You do not have to have special knowledge, experience or beliefs to come through our doors. Even if you are completely new to Buddhism, we invite you to join us. Just bring yourself. Our motto is “Come as you are.”
From the beginning, Cleveland Buddhist Temple has been home to a sangha, or community, that follows the Jodo Shinshu path of compassion, gratitude and the “entrusting heart.” More recently, the temple has added Zen sittings for those who want to incorporate a meditative discipline into their lives.
Throughout the year Cleveland Buddhist Temple also offers numerous special events, holiday celebrations and music performances. The temple welcomes people of all races, nationalities, lifestyles and beliefs into its midst.
We also offer opportunities to increase your understanding of Buddhism and other mindful practices, such as tai chi.
Check our calendar for upcoming events and services.
Rev. Ron Miyamura serves as supervising minister of the Cleveland Buddhist Temple. He is the resident minister at the Midwest Buddhist Temple in Chicago, and is also supervising minister of the Twin Cities Buddhist Association (Minneapolis-St. Paul, MN).
He graduated from the University of California, Berkeley, and attended the pre-ministerial candidate version of the Institute of Buddhist Studies, before going to Ryukoku University in Kyoto, Japan where he earned his master’s degree in Shin Buddhist Studies.
Sensei Craig Horton conducts the Zen Shin Sangha services at the temple on Tuesdays and Wednesdays. He also leads some Sunday services and provides training for the students in the Minister's Assistant program for conducting Shin Buddhist services.
Craig was certified as a Minister's Assistant in 2005 by the Buddhist Churches of America. He has been with Cleveland Buddhist Temple since 1987. A longtime martial arts practitioner, Craig also teaches tai chi at the temple.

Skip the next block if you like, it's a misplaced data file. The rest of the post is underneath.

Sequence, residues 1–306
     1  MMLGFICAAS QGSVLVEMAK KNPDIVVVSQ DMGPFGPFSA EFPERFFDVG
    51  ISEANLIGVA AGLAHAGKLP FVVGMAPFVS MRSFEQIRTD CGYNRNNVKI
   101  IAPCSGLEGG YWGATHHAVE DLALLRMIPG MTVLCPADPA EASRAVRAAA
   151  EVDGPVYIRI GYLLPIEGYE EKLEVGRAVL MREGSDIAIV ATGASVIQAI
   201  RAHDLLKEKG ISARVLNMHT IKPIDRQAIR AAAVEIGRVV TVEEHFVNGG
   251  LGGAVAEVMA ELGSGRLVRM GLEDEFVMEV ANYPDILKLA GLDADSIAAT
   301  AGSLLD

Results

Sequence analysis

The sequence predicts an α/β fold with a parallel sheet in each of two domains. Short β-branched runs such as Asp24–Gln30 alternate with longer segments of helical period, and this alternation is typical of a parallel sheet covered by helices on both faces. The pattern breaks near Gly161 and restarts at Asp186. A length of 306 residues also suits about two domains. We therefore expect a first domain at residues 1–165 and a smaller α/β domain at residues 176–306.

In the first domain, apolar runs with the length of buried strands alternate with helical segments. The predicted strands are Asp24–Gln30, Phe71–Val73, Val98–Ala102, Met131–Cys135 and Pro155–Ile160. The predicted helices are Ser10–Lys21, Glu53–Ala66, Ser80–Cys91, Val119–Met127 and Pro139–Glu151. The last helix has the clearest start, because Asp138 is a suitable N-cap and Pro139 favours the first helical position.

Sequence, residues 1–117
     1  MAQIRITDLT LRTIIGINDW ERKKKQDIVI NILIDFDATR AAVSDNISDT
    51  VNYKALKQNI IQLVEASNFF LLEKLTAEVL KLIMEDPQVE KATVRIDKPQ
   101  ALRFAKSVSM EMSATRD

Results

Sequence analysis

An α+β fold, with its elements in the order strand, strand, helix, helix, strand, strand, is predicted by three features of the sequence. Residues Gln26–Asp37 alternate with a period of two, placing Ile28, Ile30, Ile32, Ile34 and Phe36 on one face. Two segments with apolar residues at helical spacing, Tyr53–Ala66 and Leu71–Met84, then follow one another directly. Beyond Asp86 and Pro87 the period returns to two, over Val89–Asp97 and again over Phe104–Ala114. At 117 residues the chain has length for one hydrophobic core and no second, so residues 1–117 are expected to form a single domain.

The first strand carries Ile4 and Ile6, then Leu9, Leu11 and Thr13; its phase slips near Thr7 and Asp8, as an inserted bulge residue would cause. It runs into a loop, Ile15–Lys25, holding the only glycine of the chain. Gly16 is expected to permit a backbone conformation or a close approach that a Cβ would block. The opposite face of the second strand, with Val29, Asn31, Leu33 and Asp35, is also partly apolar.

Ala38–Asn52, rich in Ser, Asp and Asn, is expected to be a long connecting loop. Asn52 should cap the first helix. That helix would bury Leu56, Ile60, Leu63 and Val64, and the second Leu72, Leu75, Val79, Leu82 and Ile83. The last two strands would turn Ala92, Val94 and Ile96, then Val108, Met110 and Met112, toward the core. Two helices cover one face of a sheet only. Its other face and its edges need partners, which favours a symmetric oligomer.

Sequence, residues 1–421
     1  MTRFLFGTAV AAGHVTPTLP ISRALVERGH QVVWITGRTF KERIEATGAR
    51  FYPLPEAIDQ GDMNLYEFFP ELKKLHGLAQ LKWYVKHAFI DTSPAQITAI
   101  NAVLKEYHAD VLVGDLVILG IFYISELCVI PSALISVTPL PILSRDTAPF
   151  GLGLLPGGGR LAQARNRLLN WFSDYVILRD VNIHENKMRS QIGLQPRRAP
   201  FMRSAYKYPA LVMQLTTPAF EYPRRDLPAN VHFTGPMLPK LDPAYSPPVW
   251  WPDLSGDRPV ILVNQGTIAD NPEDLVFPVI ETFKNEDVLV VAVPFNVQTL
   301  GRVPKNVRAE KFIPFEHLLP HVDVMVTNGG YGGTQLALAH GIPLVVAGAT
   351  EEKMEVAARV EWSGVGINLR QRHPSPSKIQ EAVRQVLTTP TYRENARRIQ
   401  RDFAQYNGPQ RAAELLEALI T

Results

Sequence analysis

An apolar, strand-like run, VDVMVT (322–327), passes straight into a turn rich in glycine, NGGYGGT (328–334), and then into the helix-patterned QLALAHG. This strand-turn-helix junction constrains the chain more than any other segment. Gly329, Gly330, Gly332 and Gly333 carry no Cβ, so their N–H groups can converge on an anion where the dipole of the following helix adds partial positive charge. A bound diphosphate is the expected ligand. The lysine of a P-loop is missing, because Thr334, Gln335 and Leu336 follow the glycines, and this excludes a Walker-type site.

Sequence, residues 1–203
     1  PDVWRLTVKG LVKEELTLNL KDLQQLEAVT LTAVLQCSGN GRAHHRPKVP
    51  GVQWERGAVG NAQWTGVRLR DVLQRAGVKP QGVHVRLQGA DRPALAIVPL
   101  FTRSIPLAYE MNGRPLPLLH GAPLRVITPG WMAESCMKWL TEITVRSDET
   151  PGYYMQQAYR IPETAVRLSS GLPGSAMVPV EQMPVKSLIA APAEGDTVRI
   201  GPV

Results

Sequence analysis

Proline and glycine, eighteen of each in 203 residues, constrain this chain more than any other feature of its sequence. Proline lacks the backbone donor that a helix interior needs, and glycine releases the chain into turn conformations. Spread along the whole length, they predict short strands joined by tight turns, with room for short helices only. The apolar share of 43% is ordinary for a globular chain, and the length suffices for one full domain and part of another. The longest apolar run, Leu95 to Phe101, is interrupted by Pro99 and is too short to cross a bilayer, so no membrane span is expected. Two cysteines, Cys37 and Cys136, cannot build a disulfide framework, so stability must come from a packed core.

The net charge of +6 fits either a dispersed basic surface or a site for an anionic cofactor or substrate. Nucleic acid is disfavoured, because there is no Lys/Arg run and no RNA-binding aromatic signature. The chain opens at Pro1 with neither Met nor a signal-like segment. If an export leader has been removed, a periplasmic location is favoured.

During World War II, Japanese citizens living on the West Coast of the United States were uprooted by the U.S. government and sent to live in internment camps, losing homes and livelihoods as a result. Upon discharge from the camps, they resettled in cities around the country to begin rebuilding their lives.
Japanese-American Buddhists who settled in Cleveland strongly desired to gather and practice Buddhism together. In 1945, they formed the Cleveland Young Buddhist Association. In 1968, the growing congregation purchased the building where the temple is currently located.
The temple is affiliated with the Buddhist Churches of America, a Jodo Shinshu, or “Pure Land” organization.
Today, the Cleveland Buddhist Temple is a community committed to sharing wisdom and compassion through the teachings of Buddha. Join us for a Zen sitting and dharma talk … a Sunday Shin service … or a class or special event. All are welcome.
"Pure Land Buddhism might suggest an otherworldly orientation, but its primary focus is on the here and now. Not the here and now grasped by the controlling ego-self but the here and now cherished as a gift of life itself to be lived creatively and gratefully, granted us by boundless compassion. The bountifulness of great compassion makes possible our liberation from the